Respect for immigrants and protecting public safety by ending deportations were dominant public comments during the L.A. County Sheriff Civilian Oversight Commission’s town hall meeting on immigration at the UCLA Labor Center on Aug. 7.
Dozens filled the site’s National Immigration Law Center for the two-hour dialogue. It was part of the commission’s effort to build trust and better relations between the L.A. County Sheriffs Department (LASD) and the community.
The agenda focused on improvements within the department, as well as conditions within the jails. Commissioners also sought the public’s input on whether or not deputies should wear body cameras.
“Our most important function today is to hear from you, your thoughts and your issues and your concerns, and anything that you would like us, as the Civilian Oversight Commission, to be thinking about and working on,” said Commissioner Rabbi Heather Miller, who chaired the meeting.
Most of the comments from more than 20 public speakers stayed on respect and compassion for immigrants. Some urged support for SB-54 (“The California Values Act”). SB-54 would repeal existing law requiring law enforcement to share with ICE agents the immigration status of anyone arrested for drug offenses.
Several speakers also raised concerns about the Sheriffs Department’s use of drones and alleged they are disproportionately used in Black and Latino communities.
“We know that White supremacy is prevalent in this nation, and how the law enforcement, Sheriff’s Department is another form of White supremacy, in ways of terrorizing and making it harder for people to thrive,” said Zack Mohamed, an organizer with the BAJI – the Black Alliance for Just Immigration, which does policy and advocacy work around Black migrants.
He said not only do they unjustly kill individuals, but law enforcement also criminalizes people through the Prison Industrial Complex.
Mohamed said he wants more conversation around how the civilian oversight panel can have more say on the LASD’s budget, and divesting money from the department and putting it into communities where people can prosper.
He questioned how are commissioners really holding deputies accountable, and argued against the department’s use of drones.
According to the Center for Investigative Reporting, the LASD spied on Compton using high-powered surveillance cameras on a small civilian aircraft. A burst of necklace snatchings from women is what prompted filming of the entire city in 2012 without its knowledge, the news agency reported.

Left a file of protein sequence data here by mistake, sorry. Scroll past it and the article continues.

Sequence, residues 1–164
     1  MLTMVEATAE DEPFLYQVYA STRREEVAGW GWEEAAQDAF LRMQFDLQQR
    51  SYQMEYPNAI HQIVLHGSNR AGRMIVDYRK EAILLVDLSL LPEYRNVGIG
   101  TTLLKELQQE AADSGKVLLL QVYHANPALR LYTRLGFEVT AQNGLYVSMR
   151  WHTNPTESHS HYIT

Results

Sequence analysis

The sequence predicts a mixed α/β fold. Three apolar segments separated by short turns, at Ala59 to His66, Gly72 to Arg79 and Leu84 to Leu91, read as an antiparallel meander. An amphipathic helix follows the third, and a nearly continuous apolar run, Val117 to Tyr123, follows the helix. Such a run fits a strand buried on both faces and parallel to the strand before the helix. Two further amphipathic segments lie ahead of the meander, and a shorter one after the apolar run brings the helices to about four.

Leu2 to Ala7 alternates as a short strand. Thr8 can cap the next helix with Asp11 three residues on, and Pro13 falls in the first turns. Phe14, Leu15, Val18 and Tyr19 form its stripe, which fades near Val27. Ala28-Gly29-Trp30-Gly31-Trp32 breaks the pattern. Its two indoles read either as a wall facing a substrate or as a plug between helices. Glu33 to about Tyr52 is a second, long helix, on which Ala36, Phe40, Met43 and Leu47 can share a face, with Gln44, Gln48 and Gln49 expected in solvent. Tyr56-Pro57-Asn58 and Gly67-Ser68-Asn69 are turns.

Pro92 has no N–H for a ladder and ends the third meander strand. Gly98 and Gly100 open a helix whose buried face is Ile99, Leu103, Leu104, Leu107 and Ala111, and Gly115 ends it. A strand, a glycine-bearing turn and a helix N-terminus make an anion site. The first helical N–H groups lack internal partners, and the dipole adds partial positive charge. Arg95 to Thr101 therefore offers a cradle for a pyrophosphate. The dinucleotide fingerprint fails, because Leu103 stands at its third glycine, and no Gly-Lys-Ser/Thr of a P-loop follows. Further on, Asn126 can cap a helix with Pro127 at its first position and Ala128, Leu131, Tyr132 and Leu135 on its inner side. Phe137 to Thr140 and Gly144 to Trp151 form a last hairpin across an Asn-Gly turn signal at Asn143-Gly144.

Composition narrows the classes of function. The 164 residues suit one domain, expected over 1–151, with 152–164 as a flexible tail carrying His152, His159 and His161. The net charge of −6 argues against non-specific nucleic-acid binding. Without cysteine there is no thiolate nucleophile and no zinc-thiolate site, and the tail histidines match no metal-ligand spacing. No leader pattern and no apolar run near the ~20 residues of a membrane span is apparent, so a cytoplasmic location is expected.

“We know that the drones are really going to be used in neighborhoods that I live in, neighborhoods that other Black and Brown people will be living in, and will not be used in Beverly Hills or a lot of these other areas,” Mohamed argued.
Shortly after Miller presented the first set of speakers, Assistant Sheriff Eddie Rivero began his remarks by stating the LASD currently does not have body cameras department wide. It wants to implement them correctly, he stated.
At issue is the cost of the massive project and determining how to store data collected from 2,500 field deputies and then later retrieve the information, according to Rivero. He confounded many attendees when he stated that the LASD does not collaborate with U.S. Department of Homeland Security Immigration and Customs Enforcement (ICE) officials.
“We are not immigration officers … We do not participate in federal immigration enforcement, and that is a fact. That is our policy, and it’s the law,” Rivero stated. He said their operations are for criminal offenses and that ICE agents are on some of the LASD’s task forces for the purposes of human trafficking, narcotics enforcement, and terrorist operations.
A member of the Youth Justice Coalition spoke from his personal experience with incarceration when he asked that there be no jail expansion. Jailed at age 11 and tried as an adult when he was 16, the youth said he’s facing deportation alone.
“With all due respect to you sheriff, I understand what you’re saying, but that’s not what the community’s hearing, and that’s not what the community is seeing, and that’s the problem that we have. That’s what creates that really big wall of distrust,” the young activist told Rivero.
He added, “It’s not the case that everybody in this deportation pipeline is some criminal, some convict, some illegal person or whatever the case may be. That’s not the case.”
Martha Camacho-Rodriguez of Dignity and Power Now, an educator in Compton, told commissioners that transparency is a two-way street. “Our communities of color have been greatly harmed, because what you say is not what you do,” Camacho-Rodriguez stated.
The special education teacher asked the civilian oversight panel reviews the impact of LASD’s collaborations with code enforcement and Child Protective Services on communities.
People are afraid of speaking out, she said. “Obviously, many of us here have papers, so we’re not going to fear coming up here. We probably fear the retaliation that comes after coming to make a statement, but you know what? We’re here, and we’re not going away,” Camacho-Rodriguez said.